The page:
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An Eco-friendly Bonfire Night

Posted by in Advice, General News on Oct 31, 2017 .
Despite its rather bloody origins, setting off fireworks and gathering around a bonfire is a family favourite event in the UK calendar.
 
Toffee apples and jacket potatoes, getting together with friends, wrapping up against the chill – Bonfire Night can be a great way to celebrate the colder, darker season. And we’re always in favour of people being sociable outdoors! 
 
All those fires and fireworks do have an impact though. Pollutants such as lead and titanium are essential to create crackles and sparkles – and these are exactly the same pollutants that factories and waste incinerators try to filter from chimneys to minimise the risk to air quality. Back in 2014 several places in the UK, such as Manchester, Merseyside and Yorkshire, reached the maximum 10 rating on the air pollution index after Bonfire Night. 
 
So how can you enjoy bonfire season without being a killjoy? 
 
Here are our top tips to have fun and keep us all as safe as possible:
 
 
Attend a public display
The most eco-friendly way to participate in Bonfire Night to avoid creating your own! Gathering in one place for a bigger display will result in fewer emissions than everyone organising their own garden events. It can also be a great way to gather with friends and support local community organisations. For younger children who don’t like crowds, simply taking a walk in the evening and watching the skies can be magical (especially with a flask of hot chocolate!).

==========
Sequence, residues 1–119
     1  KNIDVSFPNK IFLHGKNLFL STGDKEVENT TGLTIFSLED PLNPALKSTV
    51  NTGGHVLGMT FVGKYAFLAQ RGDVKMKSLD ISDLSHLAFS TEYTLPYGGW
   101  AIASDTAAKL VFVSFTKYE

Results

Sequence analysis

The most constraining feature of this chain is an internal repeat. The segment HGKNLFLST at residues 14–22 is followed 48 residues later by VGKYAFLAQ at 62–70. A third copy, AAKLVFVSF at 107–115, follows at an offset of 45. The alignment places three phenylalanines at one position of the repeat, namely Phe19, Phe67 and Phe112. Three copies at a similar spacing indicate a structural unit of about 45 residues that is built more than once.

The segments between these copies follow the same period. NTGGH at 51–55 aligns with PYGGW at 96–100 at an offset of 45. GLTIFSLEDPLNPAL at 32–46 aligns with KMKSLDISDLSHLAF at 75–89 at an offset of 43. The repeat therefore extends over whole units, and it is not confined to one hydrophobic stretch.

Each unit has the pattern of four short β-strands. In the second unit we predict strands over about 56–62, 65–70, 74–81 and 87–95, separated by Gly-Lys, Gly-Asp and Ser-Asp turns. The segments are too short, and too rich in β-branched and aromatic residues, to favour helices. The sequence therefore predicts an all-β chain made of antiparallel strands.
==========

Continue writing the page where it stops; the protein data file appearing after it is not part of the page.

Be fire aware
If you are going to have a bonfire, only burn clean, dry fuel. Don’t use treated wood or plastics, and rather than firelighters, use kindling to get your sparks going. Only build your fire on the day you’ll be burning – hedgehogs and other small creatures use piles of wood as shelter, and risk being part of the fire if you build in advance. 
 
Choose your fireworks wisely
It’s possible to buy fireworks that use compressed air rather than gunpowder for launch – which means the chemical compounds used to fire the shells of traditional fireworks aren’t released into the air. These are now used by Disney for their big displays but can be hard to come by in retailers. Generally speaking, white coloured fireworks will have fewer harmful chemicals than the more colourful versions. 
 
Avoid releasing sky lanterns. While they don’t need chemical propulsion to launch, you can’t control where they end up, and they can be hazardous to wildlife and livestock who might ingest them or get trapped inside the wire.  
 
Do Bonfire Crafting
If you’d like to get into the spirit but want to stick to daytime activities, take advantage of the amazingly colourful leaves the trees are dropping at the moment, and create your own bonfire and firework-inspired pictures. 
 
However you celebrate, look after the vulnerable around you – keep pets indoors and ensure young members of the family are warm, not frightened by the noise or tempted to wander to close too the action.
 
We hope you have a wonderful time enjoying this colder weather and the colourful skies! 
 
Image credit: http://lightlyenchanted.blogspot.co.uk/2011/11/3d-bonfire-and-fireworks-art.html
 
Tags: bonfire night, fireworks, safety, layering Last update: Oct 31, 2017